• 2:46 - 2:49
index. There are lots of problems with this. The first problem is
• 2:49 - 2:51
well, there might be more than one word that starts with u.
• 2:51 - 2:54
So we can't just have one entry here. What we need to
• 2:54 - 2:57
have is a list of entries We often call this a bucket.
• 2:57 - 2:59
So we need a bucket of all the entries that
• 2:59 - 3:03
• 3:03 - 3:06
of just having one entry like the old structure of our
• 3:06 - 3:08
index, now we're going to have a list of entries, and
• 3:08 - 3:11
each element of the index will now be a bucket, which
• 3:11 - 3:15
is a list of entries that are in the right position.
• 3:15 - 3:18
This is going to be our bucket of our, all the entries
• 3:18 - 3:22
• 3:22 - 3:26
entries that start with the letter u in that bucket. So this
• 3:26 - 3:29
is getting better. Now, for each look up, instead of having to
• 3:29 - 3:31
look through all of the words in index, we just need to
• 3:31 - 3:34
find the position that starts with the right letter. That's got a
• 3:34 - 3:37
bucket of all the words that start with that letter, and then
• 3:37 - 3:40
we just need to look through that bucket. This works okay, but
• 3:40 - 3:43
this doesn't really scale very well. At best, if we have you
• 3:43 - 3:48
know, ten million words well now instead of having ten million entries
• 3:48 - 3:51
to go through, we need to go through ten million divided
• 3:51 - 3:55
by say 26, if we have 26 letters. It's not making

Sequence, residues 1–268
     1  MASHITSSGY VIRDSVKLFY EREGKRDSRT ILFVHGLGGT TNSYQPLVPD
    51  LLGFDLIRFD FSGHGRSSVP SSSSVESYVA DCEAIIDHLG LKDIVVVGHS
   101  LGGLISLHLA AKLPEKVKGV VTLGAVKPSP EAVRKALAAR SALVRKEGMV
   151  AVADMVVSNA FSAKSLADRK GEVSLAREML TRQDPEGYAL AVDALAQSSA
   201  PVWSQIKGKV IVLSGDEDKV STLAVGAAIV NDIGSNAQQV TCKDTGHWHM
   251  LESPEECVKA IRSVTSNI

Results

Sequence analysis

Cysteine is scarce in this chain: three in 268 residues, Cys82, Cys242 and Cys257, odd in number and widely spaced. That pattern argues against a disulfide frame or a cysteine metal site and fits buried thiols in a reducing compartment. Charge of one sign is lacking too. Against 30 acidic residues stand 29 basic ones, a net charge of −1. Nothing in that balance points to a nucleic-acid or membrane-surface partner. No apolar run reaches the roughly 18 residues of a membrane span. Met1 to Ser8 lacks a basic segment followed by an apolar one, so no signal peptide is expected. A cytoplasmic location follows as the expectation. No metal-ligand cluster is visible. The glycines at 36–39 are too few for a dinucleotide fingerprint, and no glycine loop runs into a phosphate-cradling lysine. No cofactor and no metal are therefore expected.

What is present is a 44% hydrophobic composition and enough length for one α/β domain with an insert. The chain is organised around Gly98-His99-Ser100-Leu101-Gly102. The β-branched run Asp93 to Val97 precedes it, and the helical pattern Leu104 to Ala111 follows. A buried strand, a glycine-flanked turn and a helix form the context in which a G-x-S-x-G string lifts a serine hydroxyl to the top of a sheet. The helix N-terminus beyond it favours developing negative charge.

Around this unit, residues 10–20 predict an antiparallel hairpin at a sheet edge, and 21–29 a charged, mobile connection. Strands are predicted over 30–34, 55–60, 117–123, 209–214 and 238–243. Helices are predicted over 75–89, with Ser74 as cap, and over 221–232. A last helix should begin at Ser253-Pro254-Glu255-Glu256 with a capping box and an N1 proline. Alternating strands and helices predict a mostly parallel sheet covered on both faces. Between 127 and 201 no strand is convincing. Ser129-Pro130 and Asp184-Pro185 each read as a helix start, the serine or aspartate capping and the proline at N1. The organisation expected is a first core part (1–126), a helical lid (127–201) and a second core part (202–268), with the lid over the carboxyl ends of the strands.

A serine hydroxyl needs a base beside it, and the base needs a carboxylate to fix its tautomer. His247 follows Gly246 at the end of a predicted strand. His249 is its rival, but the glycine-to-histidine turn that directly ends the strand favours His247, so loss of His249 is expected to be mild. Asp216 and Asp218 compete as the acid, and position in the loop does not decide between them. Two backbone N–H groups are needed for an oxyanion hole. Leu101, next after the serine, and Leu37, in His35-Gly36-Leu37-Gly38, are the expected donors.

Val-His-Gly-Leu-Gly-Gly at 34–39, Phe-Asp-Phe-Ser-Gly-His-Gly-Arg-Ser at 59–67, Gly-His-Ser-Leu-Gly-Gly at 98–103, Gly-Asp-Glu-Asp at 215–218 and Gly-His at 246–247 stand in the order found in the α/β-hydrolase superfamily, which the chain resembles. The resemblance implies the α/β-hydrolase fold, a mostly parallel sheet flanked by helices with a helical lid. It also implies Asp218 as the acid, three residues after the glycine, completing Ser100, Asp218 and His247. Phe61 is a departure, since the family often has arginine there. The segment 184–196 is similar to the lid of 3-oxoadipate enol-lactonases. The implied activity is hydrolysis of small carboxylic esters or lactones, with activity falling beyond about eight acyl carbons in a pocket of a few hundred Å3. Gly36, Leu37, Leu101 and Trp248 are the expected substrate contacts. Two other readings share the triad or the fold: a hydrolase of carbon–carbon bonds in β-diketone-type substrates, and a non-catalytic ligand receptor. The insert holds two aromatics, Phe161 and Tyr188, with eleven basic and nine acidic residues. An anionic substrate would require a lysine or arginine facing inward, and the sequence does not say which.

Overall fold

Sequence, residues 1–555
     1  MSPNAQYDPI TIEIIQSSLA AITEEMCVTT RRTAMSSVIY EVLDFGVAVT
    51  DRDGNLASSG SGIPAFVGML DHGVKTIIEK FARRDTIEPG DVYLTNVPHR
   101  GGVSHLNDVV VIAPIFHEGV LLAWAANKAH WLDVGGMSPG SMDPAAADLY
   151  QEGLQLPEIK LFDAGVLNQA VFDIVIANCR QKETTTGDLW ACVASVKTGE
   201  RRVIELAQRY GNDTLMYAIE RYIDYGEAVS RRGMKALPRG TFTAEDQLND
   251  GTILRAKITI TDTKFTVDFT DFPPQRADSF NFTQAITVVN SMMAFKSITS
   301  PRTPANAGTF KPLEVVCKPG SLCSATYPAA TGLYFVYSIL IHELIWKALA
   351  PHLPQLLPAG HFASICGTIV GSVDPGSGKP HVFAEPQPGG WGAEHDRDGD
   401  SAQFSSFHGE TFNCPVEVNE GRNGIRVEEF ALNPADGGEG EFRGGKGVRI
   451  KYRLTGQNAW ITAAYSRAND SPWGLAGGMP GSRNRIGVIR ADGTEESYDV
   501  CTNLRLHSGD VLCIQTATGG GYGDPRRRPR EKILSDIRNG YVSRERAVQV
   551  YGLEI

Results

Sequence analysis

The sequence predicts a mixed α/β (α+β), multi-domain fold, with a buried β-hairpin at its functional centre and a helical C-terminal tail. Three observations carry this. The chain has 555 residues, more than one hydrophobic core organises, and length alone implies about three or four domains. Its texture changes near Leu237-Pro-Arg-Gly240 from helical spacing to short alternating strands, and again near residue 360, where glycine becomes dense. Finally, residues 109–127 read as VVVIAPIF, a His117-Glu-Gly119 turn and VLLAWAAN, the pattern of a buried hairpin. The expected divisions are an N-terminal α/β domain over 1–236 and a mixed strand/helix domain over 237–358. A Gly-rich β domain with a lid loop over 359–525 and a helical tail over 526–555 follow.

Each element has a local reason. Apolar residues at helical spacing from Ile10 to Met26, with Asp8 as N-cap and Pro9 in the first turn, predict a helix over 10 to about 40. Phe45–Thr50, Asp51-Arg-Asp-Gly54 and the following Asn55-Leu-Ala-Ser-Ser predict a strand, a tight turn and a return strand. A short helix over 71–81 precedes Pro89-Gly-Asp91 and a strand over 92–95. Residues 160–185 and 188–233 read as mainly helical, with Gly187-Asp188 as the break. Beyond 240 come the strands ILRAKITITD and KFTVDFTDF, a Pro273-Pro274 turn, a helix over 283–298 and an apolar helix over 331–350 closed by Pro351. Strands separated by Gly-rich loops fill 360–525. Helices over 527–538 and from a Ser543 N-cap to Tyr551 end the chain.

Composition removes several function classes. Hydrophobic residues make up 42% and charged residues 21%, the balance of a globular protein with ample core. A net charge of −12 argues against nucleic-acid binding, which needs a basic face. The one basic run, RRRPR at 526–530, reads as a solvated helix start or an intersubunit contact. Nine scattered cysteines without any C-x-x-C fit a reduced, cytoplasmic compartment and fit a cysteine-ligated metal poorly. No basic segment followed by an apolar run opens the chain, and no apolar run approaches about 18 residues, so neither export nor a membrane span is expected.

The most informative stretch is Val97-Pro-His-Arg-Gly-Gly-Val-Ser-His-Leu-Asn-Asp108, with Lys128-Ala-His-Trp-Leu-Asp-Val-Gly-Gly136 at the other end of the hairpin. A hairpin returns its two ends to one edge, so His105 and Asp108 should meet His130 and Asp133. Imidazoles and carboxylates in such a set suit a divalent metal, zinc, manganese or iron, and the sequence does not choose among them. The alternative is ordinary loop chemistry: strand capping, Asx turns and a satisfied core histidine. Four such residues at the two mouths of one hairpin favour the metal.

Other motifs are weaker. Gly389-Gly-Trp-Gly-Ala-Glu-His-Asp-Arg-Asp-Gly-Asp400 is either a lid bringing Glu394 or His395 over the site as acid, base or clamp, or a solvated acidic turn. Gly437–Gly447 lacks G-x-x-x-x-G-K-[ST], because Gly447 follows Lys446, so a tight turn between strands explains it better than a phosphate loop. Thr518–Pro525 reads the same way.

• 3:55 - 3:58
things much faster. It's making things maybe at best, 26 times
• 3:58 - 4:02
letter. That assumes that all of the buckets are the same size.
• 4:02 - 4:04
Certainly if we make the buckets based on the first letter,
• 4:04 - 4:06
that's not going to be the same size. If the words
• 4:06 - 4:09
are a typical English words. We're going to have many more
• 4:09 - 4:12
• 4:12 - 4:16
So, we want to fix those two problems. We want to
• 4:16 - 4:18
be able to have more buckets. So we're not going to just
• 4:18 - 4:20
use the first letter, we're going to use some function on the
• 4:20 - 4:24
whole word that tells us where it belongs. And we're going to try
• 4:24 - 4:28
to make that function distribute the words fairly well. So the
• 4:28 - 4:30
structure that I've described is what's called a hash table. This
• 4:30 - 4:33
is a very useful data structure. It's so useful that it's
• 4:33 - 4:37
built into Python. There's the Python type called a dictionary. Which provides
• 4:37 - 4:40
this functionality. At the end of today's unit, I'll explain
• 4:40 - 4:42
how the Python dictionary works, and how to use it,
• 4:42 - 4:45
and we'll modify the search engine code to use dictionary
• 4:45 - 4:48
instead of the lookup table that we built, but before
• 4:48 - 4:51
we do that, we are going to implement it ourselves. We
• 4:51 - 4:53
are going to make sure that we understand how the hash
• 4:53 - 4:55
table works by writing all the code to do it
• 4:55 - 4:59
ourselves and then we'll switch to using the built-in Python [INAUDIBLE]
Title:
Making Lookup Faster - Intro to Computer Science
Description:

more » « less
Video Language:
English
Team:
Udacity
Project:
CS101 - Intro to Computer Science
Duration:
04:59
 Udacity Robot edited English subtitles for 18-18 Making Lookup Faster Udacity Robot edited English subtitles for 18-18 Making Lookup Faster Udacity Robot edited English subtitles for 18-18 Making Lookup Faster Udacity Robot edited English subtitles for 18-18 Making Lookup Faster Cogi-Admin edited English subtitles for 18-18 Making Lookup Faster

# English subtitles

## Revisions Compare revisions

• API
Udacity Robot
• API
Udacity Robot
• API
Udacity Robot
• API
Udacity Robot
• API